The surgeon general and the former CDC director had problematic stocks that were hidden from view when they led state agencies.
When Surgeon General Jerome Adams was the top health official in Indiana, he owned thousands of dollars in tobacco and pharmaceutical stocks which potentially conflicted with his state responsibilities.
Those stocks were never revealed under lax Indiana disclosure laws. His investments became public only when he was required to divest them to serve as the nation’s top doctor — and HHS says he is in full compliance with federal ethics laws.
The fact that a public health official invested in companies that many would argue harm public health, or whose business might be affected by his decisions, underscores a significant gap in Indiana ethics requirements — a gap that is all too common in other states, a POLITICO investigation found. That lack of transparency prevents the public from having visibility into conflicts by officials who may oversee millions in spending and make decisions that affect thousands of people.
A monthslong review of state ethics rules found that in 1 out of 5 states, top public health officials are not subject to any disclosure for financial holdings. Even when states do have rules on the books, they vary widely and loopholes abound.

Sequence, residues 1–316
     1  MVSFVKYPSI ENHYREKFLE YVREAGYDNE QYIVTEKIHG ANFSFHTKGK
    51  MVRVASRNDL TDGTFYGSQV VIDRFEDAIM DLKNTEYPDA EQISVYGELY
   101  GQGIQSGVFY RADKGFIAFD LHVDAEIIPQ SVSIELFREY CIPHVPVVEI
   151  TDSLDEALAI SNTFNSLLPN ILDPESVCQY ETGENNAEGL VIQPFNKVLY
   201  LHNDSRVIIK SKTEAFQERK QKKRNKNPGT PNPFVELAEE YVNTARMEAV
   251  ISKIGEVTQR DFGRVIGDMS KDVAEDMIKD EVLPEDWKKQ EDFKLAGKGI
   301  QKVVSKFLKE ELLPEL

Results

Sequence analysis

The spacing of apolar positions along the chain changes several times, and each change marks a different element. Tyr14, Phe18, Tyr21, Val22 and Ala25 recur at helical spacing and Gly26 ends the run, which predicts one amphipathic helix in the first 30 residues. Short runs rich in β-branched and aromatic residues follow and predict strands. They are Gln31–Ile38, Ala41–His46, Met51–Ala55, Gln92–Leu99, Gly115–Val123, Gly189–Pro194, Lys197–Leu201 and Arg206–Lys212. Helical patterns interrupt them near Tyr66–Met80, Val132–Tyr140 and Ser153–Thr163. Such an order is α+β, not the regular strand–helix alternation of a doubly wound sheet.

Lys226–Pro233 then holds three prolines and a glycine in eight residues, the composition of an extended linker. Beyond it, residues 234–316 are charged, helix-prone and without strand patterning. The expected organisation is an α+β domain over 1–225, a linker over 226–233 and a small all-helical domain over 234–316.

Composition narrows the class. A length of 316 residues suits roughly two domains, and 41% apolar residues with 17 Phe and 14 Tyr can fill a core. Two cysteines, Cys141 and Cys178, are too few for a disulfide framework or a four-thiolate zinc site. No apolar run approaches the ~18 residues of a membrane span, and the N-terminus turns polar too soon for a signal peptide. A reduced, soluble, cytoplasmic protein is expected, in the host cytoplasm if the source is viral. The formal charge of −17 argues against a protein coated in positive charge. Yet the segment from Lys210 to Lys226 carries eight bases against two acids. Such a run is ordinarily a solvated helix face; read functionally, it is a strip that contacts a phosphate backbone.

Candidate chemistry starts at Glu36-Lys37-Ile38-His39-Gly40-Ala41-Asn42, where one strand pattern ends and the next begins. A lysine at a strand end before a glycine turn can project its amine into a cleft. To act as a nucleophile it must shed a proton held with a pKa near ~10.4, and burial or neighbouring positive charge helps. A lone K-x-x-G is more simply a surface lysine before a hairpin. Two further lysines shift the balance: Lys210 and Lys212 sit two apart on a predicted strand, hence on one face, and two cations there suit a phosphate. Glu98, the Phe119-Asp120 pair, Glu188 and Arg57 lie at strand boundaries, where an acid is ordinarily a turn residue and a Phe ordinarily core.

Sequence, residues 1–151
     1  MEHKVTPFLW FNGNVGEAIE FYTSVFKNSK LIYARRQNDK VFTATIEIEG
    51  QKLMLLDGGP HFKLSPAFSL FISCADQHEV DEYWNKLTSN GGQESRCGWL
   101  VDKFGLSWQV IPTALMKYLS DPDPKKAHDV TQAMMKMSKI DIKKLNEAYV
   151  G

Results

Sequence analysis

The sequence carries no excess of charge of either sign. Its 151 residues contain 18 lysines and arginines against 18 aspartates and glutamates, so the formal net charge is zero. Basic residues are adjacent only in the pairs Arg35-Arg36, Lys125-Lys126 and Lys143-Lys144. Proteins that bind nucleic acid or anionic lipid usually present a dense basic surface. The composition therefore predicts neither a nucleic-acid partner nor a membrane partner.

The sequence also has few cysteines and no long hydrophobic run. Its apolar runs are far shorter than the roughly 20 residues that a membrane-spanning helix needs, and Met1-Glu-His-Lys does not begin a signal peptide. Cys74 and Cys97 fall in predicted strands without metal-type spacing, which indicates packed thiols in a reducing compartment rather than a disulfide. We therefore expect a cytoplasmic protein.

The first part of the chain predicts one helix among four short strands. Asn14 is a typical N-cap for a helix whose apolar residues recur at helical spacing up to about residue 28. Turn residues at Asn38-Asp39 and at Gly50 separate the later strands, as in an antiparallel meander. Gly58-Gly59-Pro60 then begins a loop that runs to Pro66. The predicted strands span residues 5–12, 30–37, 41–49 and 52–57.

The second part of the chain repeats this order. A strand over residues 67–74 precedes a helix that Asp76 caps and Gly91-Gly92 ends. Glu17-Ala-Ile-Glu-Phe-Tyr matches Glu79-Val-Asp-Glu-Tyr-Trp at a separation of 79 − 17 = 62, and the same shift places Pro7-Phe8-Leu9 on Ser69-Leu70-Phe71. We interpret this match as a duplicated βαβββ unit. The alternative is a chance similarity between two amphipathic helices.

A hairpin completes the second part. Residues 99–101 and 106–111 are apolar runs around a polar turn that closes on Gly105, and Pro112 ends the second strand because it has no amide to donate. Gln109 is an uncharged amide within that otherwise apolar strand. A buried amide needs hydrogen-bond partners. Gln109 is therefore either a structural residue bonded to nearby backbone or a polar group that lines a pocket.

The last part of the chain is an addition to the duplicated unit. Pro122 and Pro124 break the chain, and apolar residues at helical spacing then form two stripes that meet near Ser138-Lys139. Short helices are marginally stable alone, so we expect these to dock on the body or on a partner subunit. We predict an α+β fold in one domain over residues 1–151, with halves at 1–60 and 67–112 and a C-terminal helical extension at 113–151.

Good government groups and ethics experts say the uneven rules — and ill-defined consequences if problems are identified — make it virtually impossible to know whether officials might have conflicts that skew their decision-making, or to hold them accountable if lapses do occur.
Stephen Spaulding of Common Cause, which advocates for greater transparency about public officials’ financial interests said the patchwork of state rules “just ultimately leads to accountability problems.”
POLITICO identified health officials in California and Minnesota with investments related to industries they help regulate, or for which they set policies. But because many states have such loose rules, it’s impossible to know whether such conflicts are more widespread.
The issue was brought into sharp relief early this year when President Donald Trump’s first CDC director, Dr. Brenda Fitzgerald, resigned after POLITICO reported that her financial adviser had traded tobacco, drug and fast food stocks in her name while she was leading the nation’s top public health agency.
Brianna Ehley, Sarah Karlin-Smith, Rachana Pradhan And Jennifer Haberkorn – Politico – August 12, 2018.